• Vertigo Secret Files & Origins: Swamp Thing #1 (2000)
  • Vertigo: First Offenses #1 (2005)
  • Vertigo: Winter's Edge #1 (1998)

Marvel ComicsEdit


  • 1986: Won Inkpot Award[13]
  • 2003: Won Eisner Award for "Best New Series" and "Best Serialized Story" for Fables #1-5: "Legends in Exile" with Bill Willingham and Lan Medina.[14]
  • 2005: Won Eisner Award for "Best Serialized Story", for Fables #19–27: "March of the Wooden Soldiers" with Willingham and Mark Buckingham.[15]
  • 2006: Won Eisner Award for "Best Serialized Story", for Fables #36–38, 40–41: "Return to the Homelands" with Willingham and Buckingham.[16]
  • 2007: Won Eisner Award for "Best Artist/Penciller/Inker or Penciller/Inker Team", for Fables with Buckingham.[11]


  1. ^ Miller, John Jackson (June 10, 2005). "Comics Industry Birthdays". Comics Buyer's Guide. Iola, Wisconsin. Archived from the original on October 30, 2010.
  2. ^ a b Munson, Kim (August 29, 2014). "Interview: Steve Leialoha". Comics Alternative. Archived from the original on November 27, 2016.
  3. ^ a b "Steve Leialoha". Lambiek Comiclopedia. 2007. Archived from the original on October 13, 2012.
  4. ^ a b Steve Leialoha at the Grand Comics Database
  5. ^ Sanderson, Peter; Gilbert, Laura, ed. (2008). "1970s". Marvel Chronicle A Year by Year History. London, United Kingdom: Dorling Kindersley. p. 180. ISBN 978-0756641238.CS1 maint: extra text: authors list (link)
  6. ^ DeFalco, Tom "1980s" in Gilbert (2008), p. 202: "Writer J. M. DeMatteis and artist Steve Leialoha explored a new take on the vampire myth with Greenberg."
  7. ^ Trumbull, John (December 2013). "A New Beginning...And a Probable End Batman #300 and #400". Back Issue!. Raleigh, North Carolina: TwoMorrows Publishing (69): 51.
  8. ^ Bender, Hy (1999). The Sandman Companion. New York, New York: DC Comics. p. 269. ISBN 978-1563894657.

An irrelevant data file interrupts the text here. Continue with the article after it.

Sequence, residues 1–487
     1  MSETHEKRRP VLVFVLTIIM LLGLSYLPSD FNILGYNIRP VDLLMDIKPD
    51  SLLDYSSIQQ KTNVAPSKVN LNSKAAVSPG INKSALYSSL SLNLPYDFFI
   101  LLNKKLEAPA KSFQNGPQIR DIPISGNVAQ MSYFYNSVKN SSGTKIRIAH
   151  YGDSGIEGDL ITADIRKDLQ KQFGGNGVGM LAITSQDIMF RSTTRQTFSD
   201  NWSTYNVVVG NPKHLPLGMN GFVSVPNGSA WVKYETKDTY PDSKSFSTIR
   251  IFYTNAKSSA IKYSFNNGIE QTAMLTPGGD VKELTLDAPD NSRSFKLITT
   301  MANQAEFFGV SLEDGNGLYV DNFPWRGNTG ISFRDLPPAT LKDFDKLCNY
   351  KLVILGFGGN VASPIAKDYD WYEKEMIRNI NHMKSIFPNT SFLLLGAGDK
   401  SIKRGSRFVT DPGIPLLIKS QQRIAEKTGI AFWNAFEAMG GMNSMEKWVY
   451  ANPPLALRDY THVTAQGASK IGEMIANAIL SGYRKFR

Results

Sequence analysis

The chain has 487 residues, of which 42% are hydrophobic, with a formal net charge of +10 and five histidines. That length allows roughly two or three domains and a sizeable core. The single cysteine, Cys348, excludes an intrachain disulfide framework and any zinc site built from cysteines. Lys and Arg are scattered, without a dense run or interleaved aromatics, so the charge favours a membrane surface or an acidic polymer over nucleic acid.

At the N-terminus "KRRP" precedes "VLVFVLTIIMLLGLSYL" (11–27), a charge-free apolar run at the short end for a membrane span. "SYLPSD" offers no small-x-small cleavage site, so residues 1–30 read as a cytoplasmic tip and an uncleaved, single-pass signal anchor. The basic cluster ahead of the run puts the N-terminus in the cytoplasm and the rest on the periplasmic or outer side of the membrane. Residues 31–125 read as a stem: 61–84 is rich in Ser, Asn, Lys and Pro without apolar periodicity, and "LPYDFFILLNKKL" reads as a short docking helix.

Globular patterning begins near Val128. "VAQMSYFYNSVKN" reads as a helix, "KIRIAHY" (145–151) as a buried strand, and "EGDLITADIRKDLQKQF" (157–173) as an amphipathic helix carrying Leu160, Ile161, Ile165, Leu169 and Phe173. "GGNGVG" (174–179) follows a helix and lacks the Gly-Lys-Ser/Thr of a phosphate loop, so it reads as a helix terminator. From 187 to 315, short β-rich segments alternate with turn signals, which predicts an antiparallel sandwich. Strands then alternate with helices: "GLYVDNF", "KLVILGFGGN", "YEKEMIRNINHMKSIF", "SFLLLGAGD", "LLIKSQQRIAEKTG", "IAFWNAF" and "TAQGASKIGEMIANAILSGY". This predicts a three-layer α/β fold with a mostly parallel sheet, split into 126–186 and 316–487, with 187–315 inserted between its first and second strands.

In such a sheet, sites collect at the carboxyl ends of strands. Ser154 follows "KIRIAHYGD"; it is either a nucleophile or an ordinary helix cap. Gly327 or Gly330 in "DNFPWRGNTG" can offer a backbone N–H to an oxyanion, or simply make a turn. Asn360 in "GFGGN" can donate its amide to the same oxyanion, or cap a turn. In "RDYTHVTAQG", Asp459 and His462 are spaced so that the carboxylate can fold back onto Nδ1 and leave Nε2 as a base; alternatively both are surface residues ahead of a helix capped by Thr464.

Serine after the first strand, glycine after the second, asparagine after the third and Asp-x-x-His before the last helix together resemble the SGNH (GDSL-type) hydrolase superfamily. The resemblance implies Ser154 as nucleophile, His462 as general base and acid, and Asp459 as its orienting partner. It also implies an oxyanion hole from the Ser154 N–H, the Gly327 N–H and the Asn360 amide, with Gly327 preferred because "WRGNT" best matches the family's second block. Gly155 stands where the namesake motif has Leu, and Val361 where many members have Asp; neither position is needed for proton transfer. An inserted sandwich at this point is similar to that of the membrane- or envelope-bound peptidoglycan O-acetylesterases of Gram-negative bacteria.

9. ^ Burgas, Greg (January 7, 2013). "Comics You Should Own – Sandman". Comic Book Resources. Archived from the original on April 10, 2014.
  10. ^ Irvine, Alex (2008), "Fables", in Dougall, Alastair (ed.), The Vertigo Encyclopedia, London, United Kingdom: Dorling Kindersley, pp. 72–81, ISBN 0-7566-4122-5, OCLC 213309015
  11. ^ a b "2007 Will Eisner Comic Industry Awards". Hahn Library Comic Book Awards Almanac. Archived from the original on August 24, 2012.
  12. ^ Bellomo, Mark (2009). The Ultimate Guide to G.I. Joe 1982-1994: Identification and Price Guide. Iola, Wisconsin: Krause Publications. p. 34. ISBN 978-0896899223.
  13. ^ "Inkpot Award". San Diego Comic-Con. 2016. Archived from the original on January 29, 2017.
  14. ^ "2003 Will Eisner Comic Industry Awards". Hahn Library Comic Book Awards Almanac. Archived from the original on July 25, 2012.
  15. ^ "2005 Will Eisner Comic Industry Awards". Hahn Library Comic Book Awards Almanac. Archived from the original on July 25, 2012.
  16. ^ "2006 Will Eisner Comic Industry Awards". Hahn Library Comic Book Awards Almanac. Archived from the original on August 25, 2012.

External linksEdit

Preceded by
Howard the Duck inker
Succeeded by
Klaus Janson
Preceded by
Howard Chaykin
Star Wars inker
Succeeded by
Rick Hoberg
Preceded by
Trevor Von Eeden
Spider-Woman artist
Succeeded by
Brian Postman